Sesame agronomy post-emergence herbicide trials

  • 32 pages

  • Published: 7 Mar 2023

  • Author(s): Michael Widderick

  • ISBN: 978-1-76053-357-1

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Sesame (Sesamum indicum L.) is one of the oldest recorded oilseed crops. Sesame is cultivated for its edible seeds, eaten as they are or added as an ingredient in meals, and for its oil that is used in cooking. Its antioxidant content, among other benefits, also means it is used in nutraceuticals and pharmaceuticals.

The global sesame industry is estimated to be worth US$2.2 billion, with six million metric tonnes (mmt) produced, and 2.5 mmt traded annually. Demand for sesame continues to grow, with the introduction of new non-shattering varieties providing opportunities for Australian farmers to utilise this high-value, drought-tolerant crop in their farming systems.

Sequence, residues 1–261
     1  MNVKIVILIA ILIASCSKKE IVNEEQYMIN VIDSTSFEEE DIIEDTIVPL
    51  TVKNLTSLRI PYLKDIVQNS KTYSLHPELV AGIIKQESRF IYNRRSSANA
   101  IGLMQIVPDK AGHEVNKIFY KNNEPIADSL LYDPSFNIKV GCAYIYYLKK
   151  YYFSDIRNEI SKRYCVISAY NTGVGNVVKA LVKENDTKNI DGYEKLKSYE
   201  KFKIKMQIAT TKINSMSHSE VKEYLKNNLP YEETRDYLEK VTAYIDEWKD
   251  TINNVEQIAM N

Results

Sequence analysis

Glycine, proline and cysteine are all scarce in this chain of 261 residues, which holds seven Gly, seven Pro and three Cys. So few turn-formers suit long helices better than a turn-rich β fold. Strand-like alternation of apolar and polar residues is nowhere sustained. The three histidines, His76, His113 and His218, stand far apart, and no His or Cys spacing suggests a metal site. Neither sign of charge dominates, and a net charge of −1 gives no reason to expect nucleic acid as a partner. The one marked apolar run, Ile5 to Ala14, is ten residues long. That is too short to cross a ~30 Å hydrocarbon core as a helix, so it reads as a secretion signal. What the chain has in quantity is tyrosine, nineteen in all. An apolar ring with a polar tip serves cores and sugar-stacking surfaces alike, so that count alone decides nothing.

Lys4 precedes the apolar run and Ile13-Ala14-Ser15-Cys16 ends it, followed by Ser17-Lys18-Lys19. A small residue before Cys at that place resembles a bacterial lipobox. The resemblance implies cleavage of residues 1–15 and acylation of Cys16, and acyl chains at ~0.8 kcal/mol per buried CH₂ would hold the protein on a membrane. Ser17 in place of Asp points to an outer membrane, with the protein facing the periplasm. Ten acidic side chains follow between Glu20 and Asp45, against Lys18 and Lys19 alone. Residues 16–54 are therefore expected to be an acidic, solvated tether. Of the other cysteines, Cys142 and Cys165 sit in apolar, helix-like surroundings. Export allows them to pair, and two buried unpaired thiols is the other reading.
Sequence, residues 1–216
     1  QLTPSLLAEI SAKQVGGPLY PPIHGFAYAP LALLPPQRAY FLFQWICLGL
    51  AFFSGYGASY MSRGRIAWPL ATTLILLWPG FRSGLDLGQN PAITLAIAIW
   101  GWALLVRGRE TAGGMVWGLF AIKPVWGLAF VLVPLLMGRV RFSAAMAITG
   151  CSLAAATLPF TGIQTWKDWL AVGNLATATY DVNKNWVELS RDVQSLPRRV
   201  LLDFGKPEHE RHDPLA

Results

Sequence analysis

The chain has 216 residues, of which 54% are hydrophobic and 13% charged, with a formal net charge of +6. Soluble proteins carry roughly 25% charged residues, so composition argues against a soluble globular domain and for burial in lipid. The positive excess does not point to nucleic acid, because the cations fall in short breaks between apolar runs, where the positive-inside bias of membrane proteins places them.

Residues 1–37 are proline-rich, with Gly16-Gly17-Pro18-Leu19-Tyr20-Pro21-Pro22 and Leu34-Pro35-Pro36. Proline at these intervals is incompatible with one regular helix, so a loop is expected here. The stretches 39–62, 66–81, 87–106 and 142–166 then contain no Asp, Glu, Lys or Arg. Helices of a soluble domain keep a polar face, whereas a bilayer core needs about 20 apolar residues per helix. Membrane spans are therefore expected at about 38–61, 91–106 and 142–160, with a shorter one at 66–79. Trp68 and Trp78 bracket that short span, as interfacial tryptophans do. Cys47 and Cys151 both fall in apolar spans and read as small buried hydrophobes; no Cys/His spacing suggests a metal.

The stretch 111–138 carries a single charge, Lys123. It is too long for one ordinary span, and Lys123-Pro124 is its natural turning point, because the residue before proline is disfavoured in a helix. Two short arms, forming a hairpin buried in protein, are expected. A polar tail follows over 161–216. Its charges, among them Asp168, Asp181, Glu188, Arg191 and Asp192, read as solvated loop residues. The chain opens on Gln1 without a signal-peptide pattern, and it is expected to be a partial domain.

Weeds are a major limitation in sesame production worldwide and herbicides can be utilised for in-crop weed control. Controlling broadleaf weeds in sesame crops is a major challenge. There are currently no herbicides registered for use in sesame in Australia, and limited information is available on which herbicides are safe for post-emergence control of broadleaf weeds in sesame.

This research aimed to identify post-emergence herbicides safe for use in sesame production in Australia for controlling broadleaf weeds. The research (pot experiments) found that Lontrel® (clopyralid) and Brodal® (diflufenican), applied either alone or in a mixture, are potentially safe herbicides for use in Australian sesame production.

Further evaluation is required across several field environments to assess the safety of these herbicides on a range of sesame cultivars. This needs to occur with a view to obtain and provide data for herbicide permits and registration with the Australian Pesticides and Veterinary Medicines Authority (APVMA) and chemical companies.